Introduction is home of an institution called the

Introduction

 

When comparing Bloodborne and Dark Souls I (or
the other Dark Souls games as well for the matter), one can’t help but see the
similarities between these two games. Game play, difficulty and mechanics are
so very similar or even the same to some degree after all. And yet, Bloodborne
doesn’t seem like just “Dark Souls but with edgy Victorian aesthetics”.  Of course, visuals and plot help with that on
the first glance, but slight tweaks to game mechanics result in a different
game experience over all. And nowhere is this more obvious than in the role of
the player character and the specific power fantasy this game offers the player
in comparison to Dark Souls.

 

1. Plot

 

The story of Bloodborne can be hazy at points, encouraging
the player to fill in the blanks themselves, as stated by Hidetaka Miyazaki,
the game’s creator, in an interview with Future Press. However, the general
plot points, even if hidden in items descriptions, are still discernable.

The player is a foreigner who has come to Yharnam
in search of the so called “Paleblood” to cure an unnamed illness which has
ailed the player. Yharnam, having made a name for itself and flourished in
recent years, is home of an institution called the Healing Church by
distributing a special medical remedy that can cure any illness, referred to as
Blood Ministrations. However, as the research into blood healing progressed and
the usage became more widespread within the city, citizens began transforming
into beasts. These creatures, having lost all reason, ravage through the city
and are the cause for the deteriorating state of Yharnam at the beginning of the
game.

It is here that the protagonist signs a contract
with a wheelchair bound man, now sworn to serve as a hunter in the city of
Yharnam. The newly indoctrinated Hunter is then sent out into the city of
Yharnam, set to slay the various beasts that roam the city. But instead of
being just one of many hunters throughout the city (much like the player is
just one of many undead trying (or not) to fulfill the prophecy in Dark Souls),
the player begins their journey as the one trapped in the Hunter’s Dream,
unable to die until the player fulfills the task given to the them by the first
hunter Gehrman.

On the other side, Dark Souls spins a tale set in
a medieval fantasy world, known as the land of Lordran, as described in the book
“You Died: The Dark Souls Companion” by Keza MacDonald. After four powerful
beings defeated the immortal dragons, the Age of Fire was ushered in, letting
humanity prosper. Decades or even millennia later, the landscape of the once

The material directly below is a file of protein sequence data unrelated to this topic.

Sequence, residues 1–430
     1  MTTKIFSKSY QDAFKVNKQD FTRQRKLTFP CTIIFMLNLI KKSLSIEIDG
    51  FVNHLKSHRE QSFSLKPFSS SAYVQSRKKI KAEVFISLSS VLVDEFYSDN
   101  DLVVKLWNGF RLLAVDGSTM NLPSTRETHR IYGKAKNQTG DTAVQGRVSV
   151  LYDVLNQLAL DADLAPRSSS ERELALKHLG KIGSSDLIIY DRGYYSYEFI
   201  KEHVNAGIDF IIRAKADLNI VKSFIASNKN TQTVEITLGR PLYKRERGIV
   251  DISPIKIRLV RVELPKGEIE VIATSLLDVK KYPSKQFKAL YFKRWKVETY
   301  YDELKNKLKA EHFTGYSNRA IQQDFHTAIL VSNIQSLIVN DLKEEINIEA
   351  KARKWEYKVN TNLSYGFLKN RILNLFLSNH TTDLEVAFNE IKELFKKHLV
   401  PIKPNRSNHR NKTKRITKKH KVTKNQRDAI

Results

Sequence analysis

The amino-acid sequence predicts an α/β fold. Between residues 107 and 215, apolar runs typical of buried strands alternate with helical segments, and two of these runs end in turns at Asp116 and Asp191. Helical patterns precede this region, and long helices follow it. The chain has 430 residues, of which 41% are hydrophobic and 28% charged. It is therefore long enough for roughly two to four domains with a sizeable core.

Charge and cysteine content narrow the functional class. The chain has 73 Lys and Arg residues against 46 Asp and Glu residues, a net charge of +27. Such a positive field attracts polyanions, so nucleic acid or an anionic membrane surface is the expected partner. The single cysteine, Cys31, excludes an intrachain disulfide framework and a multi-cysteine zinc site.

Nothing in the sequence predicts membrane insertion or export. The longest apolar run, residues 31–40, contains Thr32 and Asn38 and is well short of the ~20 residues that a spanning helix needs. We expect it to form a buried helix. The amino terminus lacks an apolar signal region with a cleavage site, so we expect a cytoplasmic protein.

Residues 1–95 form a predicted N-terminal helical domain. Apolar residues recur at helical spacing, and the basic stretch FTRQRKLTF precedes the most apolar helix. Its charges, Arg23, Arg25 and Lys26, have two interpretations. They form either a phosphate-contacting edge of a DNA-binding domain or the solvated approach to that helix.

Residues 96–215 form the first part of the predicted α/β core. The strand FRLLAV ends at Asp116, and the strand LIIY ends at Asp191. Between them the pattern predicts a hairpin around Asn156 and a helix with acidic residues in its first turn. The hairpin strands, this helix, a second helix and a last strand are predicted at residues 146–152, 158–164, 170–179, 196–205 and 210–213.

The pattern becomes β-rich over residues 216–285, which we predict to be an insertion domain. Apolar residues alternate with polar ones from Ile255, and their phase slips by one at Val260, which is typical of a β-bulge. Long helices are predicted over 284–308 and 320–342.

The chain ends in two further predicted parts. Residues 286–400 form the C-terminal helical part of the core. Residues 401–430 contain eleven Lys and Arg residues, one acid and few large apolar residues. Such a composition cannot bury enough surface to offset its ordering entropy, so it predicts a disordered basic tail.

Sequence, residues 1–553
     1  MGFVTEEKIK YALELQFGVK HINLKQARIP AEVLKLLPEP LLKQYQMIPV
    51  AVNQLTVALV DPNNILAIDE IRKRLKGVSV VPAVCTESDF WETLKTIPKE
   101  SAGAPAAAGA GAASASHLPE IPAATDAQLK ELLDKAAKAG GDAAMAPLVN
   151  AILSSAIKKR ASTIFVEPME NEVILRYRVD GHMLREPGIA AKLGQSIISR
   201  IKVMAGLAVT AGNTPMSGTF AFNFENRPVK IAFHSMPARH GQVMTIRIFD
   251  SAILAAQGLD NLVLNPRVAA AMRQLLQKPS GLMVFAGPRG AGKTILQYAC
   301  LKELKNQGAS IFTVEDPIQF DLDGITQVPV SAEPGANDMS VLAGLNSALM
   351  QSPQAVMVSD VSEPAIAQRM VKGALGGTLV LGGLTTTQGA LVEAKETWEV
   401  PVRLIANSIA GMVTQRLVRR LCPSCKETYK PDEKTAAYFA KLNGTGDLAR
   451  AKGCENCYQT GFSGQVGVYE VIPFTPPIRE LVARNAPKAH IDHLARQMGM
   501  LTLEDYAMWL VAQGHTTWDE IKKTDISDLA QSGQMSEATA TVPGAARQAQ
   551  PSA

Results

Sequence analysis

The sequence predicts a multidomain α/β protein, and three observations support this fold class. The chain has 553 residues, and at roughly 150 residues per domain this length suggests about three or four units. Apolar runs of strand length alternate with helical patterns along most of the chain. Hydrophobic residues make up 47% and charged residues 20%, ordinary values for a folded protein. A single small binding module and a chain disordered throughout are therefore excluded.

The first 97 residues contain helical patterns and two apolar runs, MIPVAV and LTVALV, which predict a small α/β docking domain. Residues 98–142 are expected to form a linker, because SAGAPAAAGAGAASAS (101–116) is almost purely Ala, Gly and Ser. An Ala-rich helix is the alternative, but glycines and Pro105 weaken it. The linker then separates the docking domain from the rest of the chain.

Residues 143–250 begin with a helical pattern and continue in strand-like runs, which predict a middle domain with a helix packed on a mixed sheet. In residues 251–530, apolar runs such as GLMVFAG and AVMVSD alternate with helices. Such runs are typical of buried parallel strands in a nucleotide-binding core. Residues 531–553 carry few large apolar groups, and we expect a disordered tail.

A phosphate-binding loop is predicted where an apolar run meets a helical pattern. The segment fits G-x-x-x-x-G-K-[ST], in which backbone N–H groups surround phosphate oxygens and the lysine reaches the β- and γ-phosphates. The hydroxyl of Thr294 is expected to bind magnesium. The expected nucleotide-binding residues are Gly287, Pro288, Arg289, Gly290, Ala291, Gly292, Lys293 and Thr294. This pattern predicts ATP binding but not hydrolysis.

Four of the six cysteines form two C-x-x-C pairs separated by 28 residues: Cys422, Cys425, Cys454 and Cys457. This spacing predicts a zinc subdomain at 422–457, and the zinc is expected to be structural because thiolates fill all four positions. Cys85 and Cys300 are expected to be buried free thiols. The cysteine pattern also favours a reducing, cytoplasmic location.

opulent Lordran has changed considerably with demons roaming the surface and
humans dying or turning hollow.

As one of the cursed undead, the player begins
the game locked away in a prison cell until one day a key is dropped in front
of them. The player’s savior Oscar is, like the player themselves, Undead and
on the brink of going hollow, losing his humanity in return. But before that,
he tells the player of the legend of the Chosen Undead, hoping for the player
to inherit this quest. With the words:

…Thou who art Undead, art
chosen… …In thine exodus from the Undead Asylum, maketh pilgrimage to the land
of Ancient Lords… …When thou ringeth the Bell of Awakening, the fate of the
Undead thou shalt know… (Oscar, Knight of Astora, Dark Souls 1, 2011, figure
1)

 

Figure 1 ((n.d.). Retrieved from
https://vignette.wikia.nocookie.net/darksouls/images/7/77/Oscar.jpg/revision/latest?cb=20120424033024)

 

it is now up to the player to take up this quest
as their lot in life or decide to do whatever else they want to do. There are
plenty NPCs along the way who offer other choices and ways to play the game. In
the end the player decides how they want to bring change upon Lordran.

 

2. Narrative Role

 

The YouTuber Digibro comments on the difference
in depth in his video, describing the difference of the struggles in these
games as a defining difference.

As a cursed Undead, the options the player has
are plenty. Whether the player chooses to follow Oscar’s request and usher in a
new Age of Fire, spend their life searching for scales to give to an ancient
dragon until they eventually become one the themselves or, having learned of
the dangers of linking the fire and become the ruler of a land of darkness
instead, it is up to the protagonist to decide.

Whatever the player may choose, the game stays unchanging
in the aspect that the player has to keep playing to make this happen. Because
playing is the only way for the protagonist to escape going hollow, the
determination in
itself to continue on in their journey to keep their humanity is one of the
biggest themes laced throughout the game. And no, not just because of the
difficulty these games are known for. It is the struggle to keep going and
bring about change in Lordran which is already way past its prime and on the
brink of extinction. If the player stops playing, the world of Lordran will
simply stay the same as it is during the beginning of the game, while the
player’s character presumably goes hollow like the many character the player
meets along the way.

In the world of Dark Souls the player character
is continuously remarked on being “one of the many” and overall nothing really
separates them from other Undeads roaming the land. Yet, the protagonist is
someone who, while dying and loses countless times, gets up again and again,
facing enemies way bigger than them with the odds stacked against them. The